The power of LinkedIn

I seem to be failing hard as a blogger – it’s been several weeks since I last posted. Hope my many dedicated readers can forgive me.

LinkedIn has come a long way in the past year. It wasn’t ago that it was used as an online Rolodex – you’d meet someone at an event and instead of simply exchanging business cards, you’d add each other on LinkedIn. For many, it was also a great way to keep tabs on former classmates and colleagues: where is she working now? How did he get that job? Freelancer? Looks like someone’s unemployed *snicker*. Not that I’ve ever used LinkedIn for such purposes…

But now it’s so much more than that. It’s now a great source for employment news and commentary from opinion leaders, a helpful job search tool, and a community for like-minded professionals to network and engage. While these groups are a goldmine for organizations looking to communicate with clients and become established as “thought leaders”, creating and managing a successful group is not as simple as starting a group and expecting your customers will join and participate.

As LinkedIn users tend to be  focused on furthering professional goals and rather than just killing time (a la Facebook), spurring a conversation isn’t as easy as posting the latest meme and hoping for likes and comments. Social Media Examiner suggests that all groups need a leader – a spokesperson who is the face of the group and contributes to the conversation as a very active member. Members and posts should be screened to avoid marketing spammers, and a group policy must be enforced to keep conversations relevant and on track. A group left unmonitored will quickly devolve into a content marketing blackhole, with each post attempting to drive traffic to products and blogs.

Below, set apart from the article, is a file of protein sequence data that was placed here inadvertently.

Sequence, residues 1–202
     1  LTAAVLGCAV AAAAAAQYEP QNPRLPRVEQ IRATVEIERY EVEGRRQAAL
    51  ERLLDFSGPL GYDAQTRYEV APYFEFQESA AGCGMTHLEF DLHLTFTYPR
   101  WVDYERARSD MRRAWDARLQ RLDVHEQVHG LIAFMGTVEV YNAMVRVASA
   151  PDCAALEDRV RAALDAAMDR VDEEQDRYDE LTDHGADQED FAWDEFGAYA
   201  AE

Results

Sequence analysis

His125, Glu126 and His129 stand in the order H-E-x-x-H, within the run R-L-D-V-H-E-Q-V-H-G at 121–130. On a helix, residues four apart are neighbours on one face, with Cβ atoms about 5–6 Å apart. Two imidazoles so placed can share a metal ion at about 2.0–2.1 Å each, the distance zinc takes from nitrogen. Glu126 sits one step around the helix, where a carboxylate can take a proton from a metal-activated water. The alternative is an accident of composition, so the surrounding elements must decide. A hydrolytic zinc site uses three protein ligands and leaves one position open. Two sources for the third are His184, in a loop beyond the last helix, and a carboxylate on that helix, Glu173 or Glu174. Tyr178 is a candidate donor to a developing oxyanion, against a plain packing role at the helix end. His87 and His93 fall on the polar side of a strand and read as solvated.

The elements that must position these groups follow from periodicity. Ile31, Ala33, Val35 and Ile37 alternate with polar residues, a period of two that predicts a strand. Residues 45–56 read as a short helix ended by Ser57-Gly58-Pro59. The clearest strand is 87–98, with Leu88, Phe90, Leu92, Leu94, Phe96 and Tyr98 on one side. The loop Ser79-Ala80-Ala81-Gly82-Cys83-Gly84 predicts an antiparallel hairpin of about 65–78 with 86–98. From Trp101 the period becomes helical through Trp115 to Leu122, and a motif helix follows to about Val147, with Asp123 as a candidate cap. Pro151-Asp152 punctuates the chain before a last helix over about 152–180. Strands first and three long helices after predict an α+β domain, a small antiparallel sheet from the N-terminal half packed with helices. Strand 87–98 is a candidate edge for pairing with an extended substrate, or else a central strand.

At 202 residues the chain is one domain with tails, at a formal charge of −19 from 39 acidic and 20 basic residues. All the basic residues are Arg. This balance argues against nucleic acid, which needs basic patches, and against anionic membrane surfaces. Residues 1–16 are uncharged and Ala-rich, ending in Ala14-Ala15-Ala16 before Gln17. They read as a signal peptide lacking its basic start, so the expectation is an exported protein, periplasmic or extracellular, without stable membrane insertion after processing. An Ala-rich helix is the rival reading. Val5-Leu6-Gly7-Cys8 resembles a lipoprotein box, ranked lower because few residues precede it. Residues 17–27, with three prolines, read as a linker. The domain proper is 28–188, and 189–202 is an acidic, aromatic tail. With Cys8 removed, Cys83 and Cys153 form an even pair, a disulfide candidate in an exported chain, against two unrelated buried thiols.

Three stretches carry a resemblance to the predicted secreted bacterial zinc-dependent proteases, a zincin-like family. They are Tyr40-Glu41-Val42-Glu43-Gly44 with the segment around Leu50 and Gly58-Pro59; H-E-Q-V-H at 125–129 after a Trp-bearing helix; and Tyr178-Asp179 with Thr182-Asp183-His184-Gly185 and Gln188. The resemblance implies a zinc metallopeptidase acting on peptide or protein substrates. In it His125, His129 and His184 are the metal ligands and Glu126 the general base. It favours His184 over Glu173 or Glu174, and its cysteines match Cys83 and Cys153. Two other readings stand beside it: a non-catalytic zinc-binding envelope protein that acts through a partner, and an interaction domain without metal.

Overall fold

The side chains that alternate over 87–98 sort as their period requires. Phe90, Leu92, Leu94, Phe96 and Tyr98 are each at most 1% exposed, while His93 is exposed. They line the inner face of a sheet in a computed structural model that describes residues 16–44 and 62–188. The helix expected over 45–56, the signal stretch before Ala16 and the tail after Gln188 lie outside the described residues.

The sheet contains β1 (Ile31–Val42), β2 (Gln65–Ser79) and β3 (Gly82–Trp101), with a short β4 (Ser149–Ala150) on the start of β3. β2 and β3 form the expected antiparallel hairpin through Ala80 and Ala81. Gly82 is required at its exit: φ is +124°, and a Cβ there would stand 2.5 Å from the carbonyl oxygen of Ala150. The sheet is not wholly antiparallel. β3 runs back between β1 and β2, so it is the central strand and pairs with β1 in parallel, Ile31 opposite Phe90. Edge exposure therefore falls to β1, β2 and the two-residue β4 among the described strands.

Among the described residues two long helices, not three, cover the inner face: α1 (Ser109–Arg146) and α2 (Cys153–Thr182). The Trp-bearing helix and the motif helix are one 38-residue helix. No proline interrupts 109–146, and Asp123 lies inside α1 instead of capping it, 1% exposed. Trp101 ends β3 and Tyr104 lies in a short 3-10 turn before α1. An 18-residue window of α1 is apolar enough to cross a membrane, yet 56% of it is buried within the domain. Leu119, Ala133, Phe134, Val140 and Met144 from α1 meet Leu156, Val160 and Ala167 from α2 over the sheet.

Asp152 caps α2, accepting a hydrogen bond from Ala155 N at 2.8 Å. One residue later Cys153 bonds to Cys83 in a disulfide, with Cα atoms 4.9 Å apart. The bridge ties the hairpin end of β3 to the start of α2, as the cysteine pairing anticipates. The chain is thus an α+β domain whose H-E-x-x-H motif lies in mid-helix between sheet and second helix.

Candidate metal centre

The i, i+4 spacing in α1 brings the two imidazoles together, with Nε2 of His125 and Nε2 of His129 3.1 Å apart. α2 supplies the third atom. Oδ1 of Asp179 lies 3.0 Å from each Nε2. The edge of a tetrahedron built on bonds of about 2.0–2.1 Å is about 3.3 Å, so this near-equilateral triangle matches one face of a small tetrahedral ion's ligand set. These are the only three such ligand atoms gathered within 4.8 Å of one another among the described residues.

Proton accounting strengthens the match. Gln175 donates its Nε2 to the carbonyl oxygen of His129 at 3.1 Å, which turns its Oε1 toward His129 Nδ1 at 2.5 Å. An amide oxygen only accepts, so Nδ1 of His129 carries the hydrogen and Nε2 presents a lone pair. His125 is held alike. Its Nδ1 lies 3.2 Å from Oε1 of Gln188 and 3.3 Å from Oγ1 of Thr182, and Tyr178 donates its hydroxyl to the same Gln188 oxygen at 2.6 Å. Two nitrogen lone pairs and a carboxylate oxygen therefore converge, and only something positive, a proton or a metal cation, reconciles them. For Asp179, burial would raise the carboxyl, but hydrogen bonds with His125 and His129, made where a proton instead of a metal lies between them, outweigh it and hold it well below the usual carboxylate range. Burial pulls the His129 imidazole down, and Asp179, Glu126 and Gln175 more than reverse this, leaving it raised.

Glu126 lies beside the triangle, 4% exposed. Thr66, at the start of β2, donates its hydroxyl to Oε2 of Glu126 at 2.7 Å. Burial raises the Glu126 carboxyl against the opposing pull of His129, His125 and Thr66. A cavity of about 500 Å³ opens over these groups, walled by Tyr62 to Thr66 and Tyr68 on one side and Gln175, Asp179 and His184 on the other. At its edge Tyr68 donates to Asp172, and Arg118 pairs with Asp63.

LinkedIn now gives companies the ability to create a “Company Page” — essentially, a business profile which users can follow to learn about company products and job opportunities. It’s also a great forum to highlight your strengths and successes – links to useful blog posts, articles, or news releases can help educate your followers about your business. Some useful tips via Forbes.com for setting up your Company Page can be found here.

While my company’s page has attracted a fair number of followers with very little effort on my part, engaging with these followers via page updates and groups has proven to be difficult. It could just be my audience (lawyers), but I’m not entirely convinced. I’ll definitely be working on improving my company’s presence on LinkedIn in 2013, as the platform continues to flourish.

 

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